There is much that the industry can do for itself in 2014, but still need greater clarity from government on several key issues
As the Christmas festivities begin to ramp up and we look forward to ringing in another new year, it seems timely to do a bit of crystal ball gazing as to the major sustainability step changes and themes that we expect to see coming through in 2014.
The first of these – owner-occupier engagement – is not a new phenomenon and an area that we have devoted a lot of attention to in the last few years. However, in real terms we believe this is still eyebrow-raisingly behind the curve when it comes to maximising efficiencies. Whilst initiatives such as green leases have attracted quite a bit of press attention, in reality they are so often scored out of final contracts. In 2014, I believe that the way we engage with our tenants will begin to meaningfully change, and will be driven both at site and corporate levels rather than relying on lease clauses.
An example of this has been seen in recent months with major retailers approaching asset owners to install Photovoltaic (PV) on the roofs of out-of-town shopping parks, and visa versa. Such discussions should in turn help to open up wider dialogues and therefore encourage better engagement on all aspects of sustainability.
“In 2014, I believe that the way we engage with our tenants will begin to meaningfully change, and will be driven both at site and corporate levels rather than relying on lease clauses.”
Clearly the way in which a building is occupied can be as important as its sustainability credentials. Technical guidance from CIBSE has now explained clearly how developments use 200-300% more energy than predicted at design stage, demonstrating the need to work together to ensure alignment of interests, as well as sharing information and best practice, in order to maximise the efficient operation of buildings and, ultimately, the impact of initiatives.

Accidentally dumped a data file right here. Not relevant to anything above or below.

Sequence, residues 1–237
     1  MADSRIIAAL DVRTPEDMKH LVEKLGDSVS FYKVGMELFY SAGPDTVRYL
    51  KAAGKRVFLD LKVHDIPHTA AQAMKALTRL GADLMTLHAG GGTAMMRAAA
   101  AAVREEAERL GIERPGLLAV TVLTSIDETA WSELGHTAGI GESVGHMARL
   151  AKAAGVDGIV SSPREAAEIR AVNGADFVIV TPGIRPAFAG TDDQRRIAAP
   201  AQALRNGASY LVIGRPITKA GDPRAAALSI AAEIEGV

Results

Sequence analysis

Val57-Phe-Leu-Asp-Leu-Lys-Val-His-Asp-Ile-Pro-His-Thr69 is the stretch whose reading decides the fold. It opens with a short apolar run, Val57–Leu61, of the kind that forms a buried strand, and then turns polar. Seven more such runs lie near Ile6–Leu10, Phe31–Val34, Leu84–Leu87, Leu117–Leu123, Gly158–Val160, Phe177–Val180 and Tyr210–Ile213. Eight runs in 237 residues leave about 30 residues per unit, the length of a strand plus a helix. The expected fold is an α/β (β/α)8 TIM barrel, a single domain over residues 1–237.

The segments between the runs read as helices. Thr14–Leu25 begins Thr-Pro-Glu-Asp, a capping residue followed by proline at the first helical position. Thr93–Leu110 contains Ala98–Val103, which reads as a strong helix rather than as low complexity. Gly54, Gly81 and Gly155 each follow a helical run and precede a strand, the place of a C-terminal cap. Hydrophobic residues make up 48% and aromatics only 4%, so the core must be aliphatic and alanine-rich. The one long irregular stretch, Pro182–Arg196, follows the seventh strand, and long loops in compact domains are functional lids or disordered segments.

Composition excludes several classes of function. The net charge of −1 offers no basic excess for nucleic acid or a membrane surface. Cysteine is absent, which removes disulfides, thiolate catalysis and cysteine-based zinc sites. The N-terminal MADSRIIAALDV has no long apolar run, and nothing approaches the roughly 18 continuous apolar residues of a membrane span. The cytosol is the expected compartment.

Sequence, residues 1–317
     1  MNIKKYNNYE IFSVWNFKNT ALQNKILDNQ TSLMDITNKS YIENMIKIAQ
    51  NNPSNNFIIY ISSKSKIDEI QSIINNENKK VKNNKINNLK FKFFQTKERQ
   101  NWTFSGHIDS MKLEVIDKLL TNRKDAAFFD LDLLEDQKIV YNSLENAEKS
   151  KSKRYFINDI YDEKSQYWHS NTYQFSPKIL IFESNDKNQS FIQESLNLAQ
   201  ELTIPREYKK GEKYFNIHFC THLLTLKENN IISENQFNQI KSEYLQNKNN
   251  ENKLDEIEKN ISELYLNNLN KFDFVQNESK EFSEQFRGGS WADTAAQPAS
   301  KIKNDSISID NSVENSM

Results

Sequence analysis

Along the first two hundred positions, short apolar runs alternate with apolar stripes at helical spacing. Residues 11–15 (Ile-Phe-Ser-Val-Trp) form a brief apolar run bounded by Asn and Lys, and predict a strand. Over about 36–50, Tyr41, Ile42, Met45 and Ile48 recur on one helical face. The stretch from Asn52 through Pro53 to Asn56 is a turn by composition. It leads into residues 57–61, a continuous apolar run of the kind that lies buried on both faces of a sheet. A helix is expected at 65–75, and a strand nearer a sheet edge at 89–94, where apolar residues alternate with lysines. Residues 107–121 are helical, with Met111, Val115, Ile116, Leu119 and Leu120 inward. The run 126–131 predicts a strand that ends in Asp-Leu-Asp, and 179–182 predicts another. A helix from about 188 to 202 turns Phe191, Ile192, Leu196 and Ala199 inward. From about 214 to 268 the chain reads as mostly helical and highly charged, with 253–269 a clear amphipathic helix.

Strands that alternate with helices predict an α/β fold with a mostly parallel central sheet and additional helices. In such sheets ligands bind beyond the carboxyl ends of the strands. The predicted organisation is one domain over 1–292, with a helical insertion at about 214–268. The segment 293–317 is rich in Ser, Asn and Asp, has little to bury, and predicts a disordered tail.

Another important area to watch will be greater clarity coming through over existing legislation, with the Department of Energy and Climate Change (DECC) due to make a number of important announcements and revisions over the course of 2014. An example includes the new Part L of Building regulations, which addresses the conservation of fuel and power within properties and is due to increase carbon reduction targets for new buildings. We also hope to receive draft legislation on Minimum Building Energy Performance Standards (MEPS). With less than five years until this comes into effect, timescales are short and this clarity is essential if investors are to put action plans in place and costs are to be evenly borne.
Another is the Energy Savings Opportunity Scheme (ESOS). Again, the recent consultation is still vague in implementation detail, making it impossible for people to take early action. For example, it discusses ‘sampling’ property portfolios with no definition of what would be considered a representative ‘sample’ and asks for whole life costing of measures with no methodology of how the maintenance costs should be established.
Other areas of interest include the deregulation of the water market and mandatory carbon reporting for listed entities. With choice over service providers, the first of these should lead to greater competiveness, whilst the second could mean that companies that are still struggling to monitor complete carbon footprints, which not only include all energy sources but refrigerants released to atmosphere and transport, have to up their game significantly.
Finally, I believe the industry will continue to engage in greater debate over methods of benchmarking sustainability, ranging from operational rating tools through to global sustainability benchmarking of fund performance, hopefully leading the way towards universally accepted measurement and rating systems. The overall result could be greater much greater market transparency, clarity and awareness, meaning that there is little place to hide.
Debbie Hobbs is sustainability manager at Legal & General Property